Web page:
Taylor Hall, Bruins agree to four-year, $24 million contract
After being acquired by the Bruins at the deadline, Taylor Hall scored eight goals and 14 points in 16 games (with a 16.7% shooting percentage), immediately finding chemistry with veteran center David Krejci. Bob DeChiara-USA TODAY Sports

In a move that seemed inevitable, the Boston Bruins have officially re-signed Taylor Hall. The former MVP has inked a four-year deal worth $24 million, meaning he’ll carry a $6 million cap hit for the Bruins. It’s a step down from the $8 million he made in 2020-21 but comes with the security of a multi-year contract.

Hall, 29, had a dreadful start to his 2020-21 season, scoring just two goals in 37 games with the Buffalo Sabres. Looking disinterested and frustrated, he was unable to create offense at the level to which he was accustomed, although part of that was simply bad luck. Hall had just a 2.3% shooting percentage in Buffalo, finding the back of the net just twice on 88 shots. That number was begging for some regression to his career number of 10.2%, and in Boston, surrounded by better linemates, Hall found it.

After being acquired by the Bruins at the deadline, Hall scored eight goals and 14 points in 16 games (with a 16.7% shooting percentage), immediately finding chemistry with veteran center David Krejci. While Hall's playoff performance wasn’t quite as good, it quickly became apparent how well he fit as a secondary scoring option behind Boston’s big line, and an extension seemed likely. When both sides expressed a desire for a contract, it was all but a certainty that Hall would be back after the expansion draft.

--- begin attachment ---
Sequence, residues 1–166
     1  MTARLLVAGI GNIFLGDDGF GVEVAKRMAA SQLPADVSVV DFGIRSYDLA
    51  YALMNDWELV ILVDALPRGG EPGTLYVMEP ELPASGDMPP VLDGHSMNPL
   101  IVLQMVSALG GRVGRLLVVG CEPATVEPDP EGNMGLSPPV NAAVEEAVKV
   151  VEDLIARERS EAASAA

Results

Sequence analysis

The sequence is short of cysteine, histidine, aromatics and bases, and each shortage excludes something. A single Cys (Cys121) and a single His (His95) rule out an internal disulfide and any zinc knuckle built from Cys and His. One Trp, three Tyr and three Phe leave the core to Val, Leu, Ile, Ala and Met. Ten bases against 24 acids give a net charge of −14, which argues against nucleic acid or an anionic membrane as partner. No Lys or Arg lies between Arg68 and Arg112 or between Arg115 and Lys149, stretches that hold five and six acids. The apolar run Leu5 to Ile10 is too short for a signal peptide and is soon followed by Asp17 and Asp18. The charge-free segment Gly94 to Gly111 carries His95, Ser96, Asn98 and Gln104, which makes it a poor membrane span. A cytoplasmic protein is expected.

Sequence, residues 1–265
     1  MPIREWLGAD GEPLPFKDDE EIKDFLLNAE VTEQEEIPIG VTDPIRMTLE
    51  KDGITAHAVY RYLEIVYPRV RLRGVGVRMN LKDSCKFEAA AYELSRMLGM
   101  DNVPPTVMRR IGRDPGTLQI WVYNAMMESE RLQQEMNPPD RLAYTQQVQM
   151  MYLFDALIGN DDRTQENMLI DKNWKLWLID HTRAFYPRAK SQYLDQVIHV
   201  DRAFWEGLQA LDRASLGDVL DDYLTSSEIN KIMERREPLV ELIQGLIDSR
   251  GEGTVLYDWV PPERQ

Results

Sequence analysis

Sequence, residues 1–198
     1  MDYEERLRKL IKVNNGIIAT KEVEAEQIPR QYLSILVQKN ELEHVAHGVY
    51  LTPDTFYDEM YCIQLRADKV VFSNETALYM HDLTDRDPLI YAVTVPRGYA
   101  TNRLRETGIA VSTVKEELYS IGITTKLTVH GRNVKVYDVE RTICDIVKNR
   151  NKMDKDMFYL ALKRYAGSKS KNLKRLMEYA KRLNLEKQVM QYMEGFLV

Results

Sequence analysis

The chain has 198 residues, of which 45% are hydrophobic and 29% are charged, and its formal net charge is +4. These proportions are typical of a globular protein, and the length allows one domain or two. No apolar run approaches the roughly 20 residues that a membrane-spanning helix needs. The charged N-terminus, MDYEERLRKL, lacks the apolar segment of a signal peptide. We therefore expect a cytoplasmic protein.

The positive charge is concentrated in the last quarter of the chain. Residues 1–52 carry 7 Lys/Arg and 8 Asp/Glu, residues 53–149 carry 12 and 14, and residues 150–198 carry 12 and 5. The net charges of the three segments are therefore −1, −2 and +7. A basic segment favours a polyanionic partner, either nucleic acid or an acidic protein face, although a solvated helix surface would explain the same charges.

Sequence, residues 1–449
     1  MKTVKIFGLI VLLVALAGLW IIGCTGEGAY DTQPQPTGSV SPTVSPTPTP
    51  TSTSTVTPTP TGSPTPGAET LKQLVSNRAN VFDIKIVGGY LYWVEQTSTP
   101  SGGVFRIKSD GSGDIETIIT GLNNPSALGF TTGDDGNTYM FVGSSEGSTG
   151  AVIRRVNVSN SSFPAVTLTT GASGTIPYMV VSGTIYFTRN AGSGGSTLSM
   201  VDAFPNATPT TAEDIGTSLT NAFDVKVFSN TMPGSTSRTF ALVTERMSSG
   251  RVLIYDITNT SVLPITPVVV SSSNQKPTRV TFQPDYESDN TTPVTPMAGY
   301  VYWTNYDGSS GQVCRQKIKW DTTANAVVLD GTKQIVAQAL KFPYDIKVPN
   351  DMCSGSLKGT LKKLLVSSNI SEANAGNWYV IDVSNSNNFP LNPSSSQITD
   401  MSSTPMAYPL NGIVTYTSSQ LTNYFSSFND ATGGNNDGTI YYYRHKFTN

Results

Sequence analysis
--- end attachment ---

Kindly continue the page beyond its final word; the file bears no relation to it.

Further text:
That’s not to say this deal comes without risk. Hall has faced injury troubles throughout his career, playing more than 76 games just once in his 11 seasons, and has been one of the most inconsistent offensive performers in the league since winning the Hart Trophy in 2018. That season he scored 39 goals in 76 games for the New Jersey Devils but has just 37 in the 151 games since. His possession numbers and shot creation have stayed excellent throughout, but it is still not a guarantee that Hall lives up to this new contract in Boston.

One of the biggest questions? His lack of playoff experience. For a team such as Boston that has its sights set on the Stanley Cup every year, Hall’s 25 career postseason games are a risk. It’s hard to know exactly how he will perform when the checking is tighter and the games more physical, but he does have 17 points in those 25 appearances so far.

It’s obviously a bet that Bruins GM Don Sweeney is willing to make, and it comes at a reasonable cost. Hall will slide in just behind Brad Marchand as the Bruins' fourth-highest paid forward.

This article first appeared on Pro Hockey Rumors and was syndicated with permission.

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